|I really like this paper. It is very well conceived - charting the co-evolution of humans and volcanoes in the Campanian region, both in terms of societal growth and scientific knowledge. It will be very useful for both researchers and those teaching volcanology.|
It needs some minor revisions (mostly in formatting!) before publication.
1. The paragraph structure is mostly missing - the paragraphs are very very long, and most need to be broken down. E.g. para ll38 needs to be about 3-4 separate ones. A new paragraph should start when the subject of discussion changes. This is a big issue in the paper because it makes it significantly more difficult to follow. In some places, you could also insert sub-subheadings to break up the sections (e.g. by volcano, or having a separate section on volcanologists and media v volcanologists and the public at the end? – just a suggestion and hard to know if it is necessary without better paragraphing!!)
2. I think you are missing a trick in your discussion sections at the end. The history of the Campanian plain is actually also very interesting for disaster-development trajectories in other countries. The mistakes - particularly those of not linking risk with development practice - are being repeated all over the world in hazard-prone areas. I think you could safely add a paragraph late in the paper about this - the importance of risk-sensitive development practices, that incorporate scientific advice, urban planning, social studies etc. The issue raised in ll455 ff around institutions having discrete responsibilities and not talking to each other or having influence over each other is also relevant for this (and well documented elsewhere).
3. Dave Chester has written on the specifics of religion and risk perception on Vesuvio: Chester, D.K., Duncan, A.M. and Dibben, C.J., 2008. The importance of religion in shaping volcanic risk perception in Italy, with special reference to Vesuvius and Etna. Journal of Volcanology and Geothermal Research, 172(3-4), pp.216-228.
Chester, D., Duncan, A., Kilburn, C., Sangster, H. and Solana, C., 2015. Human responses to the 1906 eruption of Vesuvius, southern Italy. Journal of Volcanology and Geothermal Research, 296, pp.1-18.
4. Annie Winson’s paper on alert levels and warnings would also be pertinent to the discussion of false alarms etc. This tension between false alarms and high uncertainty is chronic in volcanology and also relates to communications and managing the expectations that a population have of scientific capacity over the long term – they need to know ahead of time what can and cannot be done! The communication issue also requires the involvement of a wider range of experts.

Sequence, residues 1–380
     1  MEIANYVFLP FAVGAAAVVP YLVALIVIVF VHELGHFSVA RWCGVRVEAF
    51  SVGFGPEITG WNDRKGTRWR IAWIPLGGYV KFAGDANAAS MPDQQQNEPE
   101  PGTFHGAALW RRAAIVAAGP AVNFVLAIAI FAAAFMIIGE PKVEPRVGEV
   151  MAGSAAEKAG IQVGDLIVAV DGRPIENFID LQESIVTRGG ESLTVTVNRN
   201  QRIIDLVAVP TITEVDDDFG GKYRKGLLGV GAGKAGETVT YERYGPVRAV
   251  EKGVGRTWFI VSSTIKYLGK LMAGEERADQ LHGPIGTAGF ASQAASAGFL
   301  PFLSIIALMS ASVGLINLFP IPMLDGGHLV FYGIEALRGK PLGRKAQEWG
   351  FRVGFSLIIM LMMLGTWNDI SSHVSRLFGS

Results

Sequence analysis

5. I wondered about having some more systematic population estimates or maybe a population density map? The JRC (European commission) has the GHS dataset that is relatively easy to map quickly, and this would be useful. It can be estimated from Fig 1 but maybe an inset would help clarify?
6. The question of the media/volcanologists’ engagement with it – Andy Harris has written some interesting reflections on this:
Harris, A.J., 2015. Forecast communication through the newspaper part 1: framing the forecaster. Bulletin of volcanology, 77(4), pp.1-37.
Harris, A.J., 2015. Forecast communication through the newspaper part 2: perceptions of uncertainty. Bulletin of Volcanology, 77(4), pp.1-39.
Calabrò, L., Harris, A.J. and Thouret, J.C., 2020. Media views of the Stromboli 2002–2003 eruption and evacuation: a content analysis to understand framing of risk communication during a volcanic crisis. Journal of Applied Volcanology, 9(1), pp.1-23.
5. Some other minor issues:
L25 “which” should be new sentence “It is inhabited”
The spelling of Pompei should be regularised throughout (sometimes English, sometimes Italian – stick with Italian!)
L433 “major” should be “mayor”
L469 is this two deaths?
L497 “appears unacceptable”
The text is not suitable for publication as it stands because the standard of written English is not up to publishable standard. The whole manuiscript needs to be re-written. I started to correct the manuscript using 'track change' but it was taking me a hour per page and this is clearly not the role of the reviewer.
The academic content is fine and the paper should be published, but not in its present form.